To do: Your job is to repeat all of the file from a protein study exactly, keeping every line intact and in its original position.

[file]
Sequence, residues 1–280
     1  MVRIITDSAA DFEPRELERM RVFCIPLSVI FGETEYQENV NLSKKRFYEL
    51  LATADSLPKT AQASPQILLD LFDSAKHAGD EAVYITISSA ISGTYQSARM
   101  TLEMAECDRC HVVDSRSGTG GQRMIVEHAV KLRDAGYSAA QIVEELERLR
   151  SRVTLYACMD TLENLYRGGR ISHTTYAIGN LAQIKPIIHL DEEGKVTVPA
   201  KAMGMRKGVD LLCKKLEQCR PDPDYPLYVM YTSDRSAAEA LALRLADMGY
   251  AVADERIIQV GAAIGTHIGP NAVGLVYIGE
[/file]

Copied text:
Sequence, residues 1–280
     1  MVRIITDSAA DFEPRELERM RVFCIPLSVI FGETEYQENV NLSKKRFYEL
    51  LATADSLPKT AQASPQILLD LFDSAKHAGD EAVYITISSA ISGTYQSARM
   101  TLEMAECDRC HVVDSRSGTG GQRMIVEHAV KLRDAGYSAA QIVEELERLR
   151  SRVTLYACMD TLENLYRGGR ISHTTYAIGN LAQIKPIIHL DEEGKVTVPA
   201  KAMGMRKGVD LLCKKLEQCR PDPDYPLYVM YTSDRSAAEA LALRLADMGY
   251  AVADERIIQV GAAIGTHIGP NAVGLVYIGE